I was recently refurbishing a microscope and made an adjustable eyepiece (the original eyepiece didn't have any diopter adjustment). I had also cleaned up some of the slides on the 'scope because they were a bit gritty. Since I'd removed the magic sticky grease, they now moved far too easily.
After some searching, I discovered that the correct item to look for is called damping grease. This is rather magical stuff with an extremely high viscosity. It's used whenever free movement needs to be prevented (e.g. in microscope slides!) or when you want to give a smooth feel to a knob or similar (e.g. volume control knobs). Another use I've seen is the little doors on cassette players which pop out slowly - the hinge is usually covered in damping grease to slow it down.
The most readily available brand (at least in the UK) appears to be NyoGel by Nye Lubricants. They have a page with datasheets at http://www.nyelubricants.com/products/nyogel.shtml. The 767A, 774, and 774L greases are available on EBay from user "bigbillgdr" (http://www.ebay.co.uk/usr/bigbillgdr) and come in a convenient syringe. They worked great on the microscope and eyepiece (I can't remember which one I used).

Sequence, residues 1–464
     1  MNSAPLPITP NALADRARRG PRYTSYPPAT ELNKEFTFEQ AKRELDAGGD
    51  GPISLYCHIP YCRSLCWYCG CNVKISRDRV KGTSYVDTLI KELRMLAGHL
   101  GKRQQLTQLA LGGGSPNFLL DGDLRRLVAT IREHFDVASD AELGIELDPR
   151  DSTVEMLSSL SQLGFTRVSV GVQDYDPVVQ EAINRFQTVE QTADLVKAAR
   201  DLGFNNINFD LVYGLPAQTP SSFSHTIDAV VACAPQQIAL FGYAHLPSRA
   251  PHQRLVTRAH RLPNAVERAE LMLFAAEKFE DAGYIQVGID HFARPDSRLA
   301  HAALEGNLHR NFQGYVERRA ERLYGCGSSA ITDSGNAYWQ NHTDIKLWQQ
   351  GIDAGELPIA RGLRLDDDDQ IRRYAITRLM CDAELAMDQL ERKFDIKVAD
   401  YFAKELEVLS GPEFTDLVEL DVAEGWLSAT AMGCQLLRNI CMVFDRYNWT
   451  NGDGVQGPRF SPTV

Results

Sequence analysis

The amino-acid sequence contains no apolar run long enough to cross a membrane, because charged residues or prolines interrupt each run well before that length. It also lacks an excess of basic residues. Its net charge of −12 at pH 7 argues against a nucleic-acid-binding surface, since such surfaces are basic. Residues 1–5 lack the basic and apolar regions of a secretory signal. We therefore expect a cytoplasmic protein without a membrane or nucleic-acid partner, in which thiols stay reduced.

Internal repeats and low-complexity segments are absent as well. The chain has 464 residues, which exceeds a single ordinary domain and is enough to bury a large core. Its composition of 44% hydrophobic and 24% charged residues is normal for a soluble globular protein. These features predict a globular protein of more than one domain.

I decided it would be interesting to do a side-by-side comparison of the greases, along with some normal lithium grease and 3-in-1 oil. To do this, I rigged up a 6mm steel pin sliding in an aluminium bushing with a weight on the pin to pull it down. With the pin coated in grease, I timed how long it took to fall through about 30mm and also videoed the action. Here's the result:
Obviously, this is very rough, but it does show pretty well how much thicker the damping greases are. It's very hard to tell beforehand which one is best - I initially tried the 774 (medium) on the eyepiece, but it was too thick so I used 774L (light) instead.
The side-by-side segment of the video was composited in Adobe Premiere, once I figured out how on earth to do it! It's an extremely feature-rich program. I was unable to find a way of adding a timer which counted in 1/100ths of a second, so had to make do with a frame counter instead (you'll notice that the last two digits only count up to 24 and then roll over, since this is a 25fps clip).